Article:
New identification dog tags for U.S. Army personnel to wear around their necks now are being tooled without individual social security numbers, due to security and identity theft concerns. It is the first time in four decades that changes are being made to a century-old piece of hardware for soldiers.
On the new dog tags, the service member's Social Security number will be replaced with a randomly-generated, 10-digit Department of Defense identification number.
"If you find a pair of lost ID tags you can pretty much do anything with that person's identity because you now have their blood type, their religion, you have their social, and you have their name. The only thing missing is their birth date and you can usually get that by Googling a person," Michael Klemowski, Soldiers Programs Branch chief, U.S. Army Human Resources Command, said in an Army press release Tuesday.
The required change was first outlined in the Department of Defense Social Security Number Reduction Plan and the President's Task Force on Identity Theft Strategic Plan in 2007. It has taken the military this long to replace the Social Security number with the 10-digit idea number through a number of systems, Klemowski said.
"Dog tags are highly personal items to warriors of every service and to their families as well," states a Library of Congress tribute to the dog tag produced in 2012, according to a CNN article. "The tag itself individualizes the human being who wears it, despite his or her role as a small part of a huge and faceless organization. While the armed forces demand obedience and duty to a higher cause, dog tags, hanging under service members' shirts and close to their chests, remind them of their individuality."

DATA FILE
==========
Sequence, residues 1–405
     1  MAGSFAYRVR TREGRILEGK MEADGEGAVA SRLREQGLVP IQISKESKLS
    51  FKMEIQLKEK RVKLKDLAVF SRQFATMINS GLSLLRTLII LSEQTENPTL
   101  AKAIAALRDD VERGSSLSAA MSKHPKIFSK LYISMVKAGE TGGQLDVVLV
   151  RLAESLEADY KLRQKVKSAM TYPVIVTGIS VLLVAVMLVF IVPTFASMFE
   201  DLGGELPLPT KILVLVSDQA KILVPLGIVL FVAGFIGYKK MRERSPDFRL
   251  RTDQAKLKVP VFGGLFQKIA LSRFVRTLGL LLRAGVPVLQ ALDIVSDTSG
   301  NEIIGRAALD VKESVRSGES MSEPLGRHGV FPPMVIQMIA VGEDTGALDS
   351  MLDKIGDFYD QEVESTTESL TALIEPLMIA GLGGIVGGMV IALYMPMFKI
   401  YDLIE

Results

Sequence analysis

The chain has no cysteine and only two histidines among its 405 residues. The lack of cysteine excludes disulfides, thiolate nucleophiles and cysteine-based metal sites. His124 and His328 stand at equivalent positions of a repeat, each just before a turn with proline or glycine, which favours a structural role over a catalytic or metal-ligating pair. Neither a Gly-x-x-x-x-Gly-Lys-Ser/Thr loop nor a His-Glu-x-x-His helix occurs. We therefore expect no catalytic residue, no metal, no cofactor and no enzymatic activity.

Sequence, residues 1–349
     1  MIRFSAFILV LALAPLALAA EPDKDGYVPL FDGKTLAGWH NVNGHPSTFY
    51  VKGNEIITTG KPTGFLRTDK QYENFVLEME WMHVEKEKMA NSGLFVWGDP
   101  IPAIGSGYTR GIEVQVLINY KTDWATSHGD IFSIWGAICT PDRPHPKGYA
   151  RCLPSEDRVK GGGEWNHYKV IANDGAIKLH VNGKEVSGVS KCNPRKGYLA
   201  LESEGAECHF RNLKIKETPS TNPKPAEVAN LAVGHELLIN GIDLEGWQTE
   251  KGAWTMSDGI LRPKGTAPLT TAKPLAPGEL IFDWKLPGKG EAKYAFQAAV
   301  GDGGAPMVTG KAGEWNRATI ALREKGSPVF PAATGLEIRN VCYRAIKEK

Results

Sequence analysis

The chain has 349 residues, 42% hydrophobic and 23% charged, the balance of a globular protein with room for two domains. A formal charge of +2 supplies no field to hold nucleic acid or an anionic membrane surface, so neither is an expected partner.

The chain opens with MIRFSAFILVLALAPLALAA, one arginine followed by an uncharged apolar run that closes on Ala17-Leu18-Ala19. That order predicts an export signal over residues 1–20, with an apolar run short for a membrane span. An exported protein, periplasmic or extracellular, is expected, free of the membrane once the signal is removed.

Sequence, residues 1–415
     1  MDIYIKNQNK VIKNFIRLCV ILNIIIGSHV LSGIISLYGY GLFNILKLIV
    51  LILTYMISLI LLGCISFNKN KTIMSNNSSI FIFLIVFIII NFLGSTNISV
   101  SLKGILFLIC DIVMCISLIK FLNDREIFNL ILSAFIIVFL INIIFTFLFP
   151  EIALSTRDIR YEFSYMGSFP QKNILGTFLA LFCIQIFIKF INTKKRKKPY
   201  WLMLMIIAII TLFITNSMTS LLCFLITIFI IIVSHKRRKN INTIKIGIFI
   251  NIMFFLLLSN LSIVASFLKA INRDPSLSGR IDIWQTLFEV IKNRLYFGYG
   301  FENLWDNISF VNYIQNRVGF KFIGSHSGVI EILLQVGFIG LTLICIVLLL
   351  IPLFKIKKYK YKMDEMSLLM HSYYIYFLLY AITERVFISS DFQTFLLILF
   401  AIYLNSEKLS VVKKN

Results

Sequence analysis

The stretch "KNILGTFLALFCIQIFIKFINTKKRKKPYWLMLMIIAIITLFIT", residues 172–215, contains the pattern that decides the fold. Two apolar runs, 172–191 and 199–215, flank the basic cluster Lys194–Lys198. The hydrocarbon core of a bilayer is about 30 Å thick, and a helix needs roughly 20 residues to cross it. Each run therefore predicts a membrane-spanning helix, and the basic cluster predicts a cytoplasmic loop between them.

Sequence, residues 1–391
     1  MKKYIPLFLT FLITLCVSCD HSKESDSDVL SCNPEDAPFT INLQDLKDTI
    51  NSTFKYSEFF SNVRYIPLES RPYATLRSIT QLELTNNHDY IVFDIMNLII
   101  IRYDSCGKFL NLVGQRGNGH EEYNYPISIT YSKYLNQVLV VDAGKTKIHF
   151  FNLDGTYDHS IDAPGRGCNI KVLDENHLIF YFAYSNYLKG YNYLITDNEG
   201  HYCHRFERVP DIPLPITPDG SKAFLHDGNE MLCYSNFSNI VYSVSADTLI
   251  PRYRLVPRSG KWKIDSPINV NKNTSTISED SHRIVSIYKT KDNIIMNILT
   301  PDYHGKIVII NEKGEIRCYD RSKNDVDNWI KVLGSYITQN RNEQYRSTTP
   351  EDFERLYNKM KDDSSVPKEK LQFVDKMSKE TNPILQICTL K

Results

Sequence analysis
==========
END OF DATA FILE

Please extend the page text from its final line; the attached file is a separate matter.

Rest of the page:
The tags became part of the Army field kit shortly before World War I. By July 1916, the Army was issuing two of the tags to each soldier, one that would stay with the remains of those lost in battle and one that would go to the burial unit, according to the Armed Forces History Museum.
The tags "bring comfort and help calm the fears of soldiers facing death," the Library of Congress tribute states, allowing them to know they would not be forgotten or become an unknown casualty.
Klemowski said the change would not be immediate for all soldiers.
"We are focusing first on the personnel who are going to deploy. If a soldier is going to deploy, they are the first ones that need to have the new ID tags," he said in the Army release.
Staff Sgt. Kristen Duus, a Soldier with the Defense POW/MIA Accounting Agency, said she thinks the update is a good one. "Identity theft is a very real threat for us right now."